More than 40 rabbis from all streams of Judaism will hold a prayer vigil and pre-Shavuot study session at the Holot detention center for African immigrants.
The program, organized by leaders in Rabbis for Human Rights, and supported by the New Israel Fund, was scheduled for Wednesday outside the open-detention facility in the Negev Desert.
The event was scheduled, according to organizers, “to mark Shavuot, our turning point from freed slaves to a nation in covenant with God, by demanding that Israel honor our most commanded mitzvah,” citing Leviticus 19:33-34 which calls on Jews to love the stranger.
The date also was chosen because 12 of the detainees are facing immediate deportation, according to Haaretz.
Rabbi Nava Hefetz, educational director of Rabbis for Human Rights, and Rabbi Susan Silverman, planned the vigil.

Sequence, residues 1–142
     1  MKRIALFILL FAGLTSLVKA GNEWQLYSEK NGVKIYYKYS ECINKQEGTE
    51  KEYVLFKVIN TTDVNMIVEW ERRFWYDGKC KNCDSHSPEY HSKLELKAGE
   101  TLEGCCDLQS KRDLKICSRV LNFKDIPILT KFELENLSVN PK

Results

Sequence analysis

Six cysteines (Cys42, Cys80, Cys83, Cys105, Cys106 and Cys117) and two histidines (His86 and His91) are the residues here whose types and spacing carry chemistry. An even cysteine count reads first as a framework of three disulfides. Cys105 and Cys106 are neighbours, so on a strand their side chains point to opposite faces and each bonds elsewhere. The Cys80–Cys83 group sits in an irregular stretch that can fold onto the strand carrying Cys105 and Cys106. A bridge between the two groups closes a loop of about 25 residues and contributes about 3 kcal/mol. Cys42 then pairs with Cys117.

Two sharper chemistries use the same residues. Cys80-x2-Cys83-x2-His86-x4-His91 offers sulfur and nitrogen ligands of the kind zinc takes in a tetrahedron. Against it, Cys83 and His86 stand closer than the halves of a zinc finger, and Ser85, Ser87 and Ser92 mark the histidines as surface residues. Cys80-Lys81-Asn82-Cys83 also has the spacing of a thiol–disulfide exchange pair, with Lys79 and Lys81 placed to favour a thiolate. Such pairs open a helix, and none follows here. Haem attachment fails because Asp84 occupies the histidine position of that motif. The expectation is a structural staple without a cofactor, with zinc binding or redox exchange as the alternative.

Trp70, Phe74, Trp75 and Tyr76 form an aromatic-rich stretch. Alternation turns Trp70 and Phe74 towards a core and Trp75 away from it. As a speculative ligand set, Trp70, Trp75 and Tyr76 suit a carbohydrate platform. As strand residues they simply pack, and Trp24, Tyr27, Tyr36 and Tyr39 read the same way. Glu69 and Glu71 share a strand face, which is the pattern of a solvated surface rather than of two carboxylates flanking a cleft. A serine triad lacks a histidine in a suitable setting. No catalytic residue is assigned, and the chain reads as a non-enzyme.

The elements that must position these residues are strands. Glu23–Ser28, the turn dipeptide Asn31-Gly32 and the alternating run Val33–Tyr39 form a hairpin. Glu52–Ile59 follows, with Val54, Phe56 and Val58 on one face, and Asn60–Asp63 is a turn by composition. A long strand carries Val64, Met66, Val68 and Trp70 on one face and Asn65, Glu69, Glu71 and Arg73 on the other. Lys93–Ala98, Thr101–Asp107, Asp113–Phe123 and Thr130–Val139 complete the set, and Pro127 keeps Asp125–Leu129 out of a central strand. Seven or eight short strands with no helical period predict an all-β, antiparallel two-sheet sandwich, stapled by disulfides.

”God repeated the commandment to protect the stranger at least thirty-six times because it’s a really hard thing to do. Now that we are in our own land, it is something that takes real faith in God, and embracing discomfort — in a way that keeping kosher or Shabbat does not. But it is the real test of the Jewish soul. In that way, the refugees hold up a mirror to our inner character. And they give us an opportunity to rise to our highest selves,” the organizers wrote in promoting the event.
Some 42,000 Eritrean and Sudanese citizens are living in Israel, with 2,000 in the Holot detention facility, where residents are required to check in twice a day. Many have made their home in south Tel Aviv.
Israel has granted official refugee status to just four of more than 5,500 official asylum seekers.
Over 9,000 African migrants have left Israel in the last two years in voluntary departures, according to Haaretz. The Israeli government provided them with airplane tickets and grants.